9. Rediscover your spiritual side and the faith you may have abandoned. As we near the end of life on earth we are more incline to realize that our spirits need to nurtured and stretched. For me that means reading my Bible in the morning as I enjoy a hot cup of coffee. Ive found God’s Word life giving and able to fill my spiritual tank, enabling me to live with purpose. It means gathering with like minded believers so that we may spur one another on to good work. And, it means feeling prepared for whatever may come.
  10. . Serve others. It may be a neighbor, a friend or someone in your church. Find ways to give of yourself to bless others regularly. Prepare and deliver a meal to a sick friend or a new Mom and her family. If you don’t cook, deliver take out or a gift card to their favorite restaurant. When you make soups prepare a double recipe and freeze half to share with someone later. Offer to babysit your grands overnight and give your adult children a night out sans children. Offer to pick up things at the market for someone who has difficulty getting out. Help with preparations for events you enjoy. The possibilities are endless and as you bless others you, too, will be blessed.

The beauty of retirement is that we have the freedom to choose where and when to spend our time and effort and with whom. It is NOT the time to burrow in for the winter. We are not groundhogs, people.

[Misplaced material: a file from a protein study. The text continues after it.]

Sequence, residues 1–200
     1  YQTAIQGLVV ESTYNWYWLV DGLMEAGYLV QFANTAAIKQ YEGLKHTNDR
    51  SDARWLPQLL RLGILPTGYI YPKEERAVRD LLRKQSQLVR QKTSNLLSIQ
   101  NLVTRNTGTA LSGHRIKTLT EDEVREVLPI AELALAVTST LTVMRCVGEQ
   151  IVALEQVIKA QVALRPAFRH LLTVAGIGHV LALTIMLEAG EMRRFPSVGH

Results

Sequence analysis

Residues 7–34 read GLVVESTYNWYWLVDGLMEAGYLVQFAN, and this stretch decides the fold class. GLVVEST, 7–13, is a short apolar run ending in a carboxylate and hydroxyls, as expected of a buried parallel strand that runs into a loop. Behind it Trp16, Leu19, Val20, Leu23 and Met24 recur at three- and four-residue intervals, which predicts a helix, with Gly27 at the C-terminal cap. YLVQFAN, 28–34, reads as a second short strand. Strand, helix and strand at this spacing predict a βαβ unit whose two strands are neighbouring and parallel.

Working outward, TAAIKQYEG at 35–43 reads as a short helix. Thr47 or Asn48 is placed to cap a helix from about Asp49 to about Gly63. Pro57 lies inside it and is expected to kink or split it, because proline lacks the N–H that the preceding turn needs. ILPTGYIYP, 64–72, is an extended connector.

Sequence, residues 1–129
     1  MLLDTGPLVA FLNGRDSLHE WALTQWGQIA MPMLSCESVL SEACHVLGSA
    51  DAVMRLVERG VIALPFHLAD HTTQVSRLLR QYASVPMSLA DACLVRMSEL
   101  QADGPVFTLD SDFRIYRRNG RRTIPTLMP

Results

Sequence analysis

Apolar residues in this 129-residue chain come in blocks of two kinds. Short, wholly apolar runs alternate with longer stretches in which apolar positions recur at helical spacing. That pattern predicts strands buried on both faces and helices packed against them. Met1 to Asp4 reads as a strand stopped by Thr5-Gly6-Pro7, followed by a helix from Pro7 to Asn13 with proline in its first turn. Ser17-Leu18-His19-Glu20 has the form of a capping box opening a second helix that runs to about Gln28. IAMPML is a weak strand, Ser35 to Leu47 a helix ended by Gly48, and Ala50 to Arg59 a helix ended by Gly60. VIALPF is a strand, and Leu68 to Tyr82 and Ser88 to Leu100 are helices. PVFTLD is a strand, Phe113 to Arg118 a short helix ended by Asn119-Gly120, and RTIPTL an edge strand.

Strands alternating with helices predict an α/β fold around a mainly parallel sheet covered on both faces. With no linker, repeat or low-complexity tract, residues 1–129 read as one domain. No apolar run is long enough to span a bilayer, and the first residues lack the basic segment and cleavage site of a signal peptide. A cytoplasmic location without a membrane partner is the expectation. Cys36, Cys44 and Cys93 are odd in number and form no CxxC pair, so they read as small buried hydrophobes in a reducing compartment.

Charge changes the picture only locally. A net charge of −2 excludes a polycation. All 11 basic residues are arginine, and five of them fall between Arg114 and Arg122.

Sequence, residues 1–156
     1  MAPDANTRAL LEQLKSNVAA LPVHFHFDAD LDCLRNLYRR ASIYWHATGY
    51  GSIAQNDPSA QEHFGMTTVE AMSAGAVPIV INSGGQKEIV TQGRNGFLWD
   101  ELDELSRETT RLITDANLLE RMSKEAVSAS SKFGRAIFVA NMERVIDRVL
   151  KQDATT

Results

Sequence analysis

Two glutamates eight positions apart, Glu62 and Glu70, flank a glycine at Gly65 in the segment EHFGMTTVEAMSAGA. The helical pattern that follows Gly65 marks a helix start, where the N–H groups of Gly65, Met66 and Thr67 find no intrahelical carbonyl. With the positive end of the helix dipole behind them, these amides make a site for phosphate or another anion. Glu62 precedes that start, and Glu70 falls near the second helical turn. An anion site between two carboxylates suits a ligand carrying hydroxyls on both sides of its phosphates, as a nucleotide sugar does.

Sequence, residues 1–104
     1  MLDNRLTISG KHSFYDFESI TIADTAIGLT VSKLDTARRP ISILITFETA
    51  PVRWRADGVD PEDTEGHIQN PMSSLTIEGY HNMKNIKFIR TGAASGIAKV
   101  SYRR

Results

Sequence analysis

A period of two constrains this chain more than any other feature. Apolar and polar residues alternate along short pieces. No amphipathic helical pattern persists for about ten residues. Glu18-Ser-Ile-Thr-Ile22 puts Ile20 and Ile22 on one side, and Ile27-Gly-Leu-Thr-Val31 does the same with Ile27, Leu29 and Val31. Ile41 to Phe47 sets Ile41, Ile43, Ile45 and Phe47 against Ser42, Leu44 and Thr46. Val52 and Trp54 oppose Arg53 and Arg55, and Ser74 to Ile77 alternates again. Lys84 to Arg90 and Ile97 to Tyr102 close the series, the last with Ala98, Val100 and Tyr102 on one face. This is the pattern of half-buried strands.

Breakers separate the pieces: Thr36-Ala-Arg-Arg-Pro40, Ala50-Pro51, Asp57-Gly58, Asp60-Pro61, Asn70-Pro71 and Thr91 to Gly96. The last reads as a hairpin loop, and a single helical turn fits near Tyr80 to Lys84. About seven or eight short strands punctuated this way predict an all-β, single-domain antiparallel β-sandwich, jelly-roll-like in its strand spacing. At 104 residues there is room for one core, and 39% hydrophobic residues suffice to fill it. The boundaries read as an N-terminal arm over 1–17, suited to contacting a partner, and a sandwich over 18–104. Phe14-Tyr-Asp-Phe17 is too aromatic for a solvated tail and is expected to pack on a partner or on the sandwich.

I’d love to hear your thoughts on how you’re either preparing to or are already thriving as you age.

Here’s to Blooming in Winter! With a little preparation it can be the icing on your cake.

 

 

 

 

 

 

 

 

 

 

 

 

 

 

Falling in Love Again

Growing older often  brings with it,  gifts that can only be  wrapped and delivered with the passage of time.

This post isn’t what you think it is.  And maybe you will think me a little “off” once you hear what it  is.   But, the title of this blog is the one that best describes how I feel about  the events of this past weekend.

Nearly fifty years ago, I met a friend, by way of our mutual friend and then we became friends.  We were both single and for a minute contemplated a romance, but quickly came to our senses.  Not one to let a good friend be lost to a romance that wasn’t meant to be, we  both persevered in our friendship, now for almost half a century.

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My dear old friend and I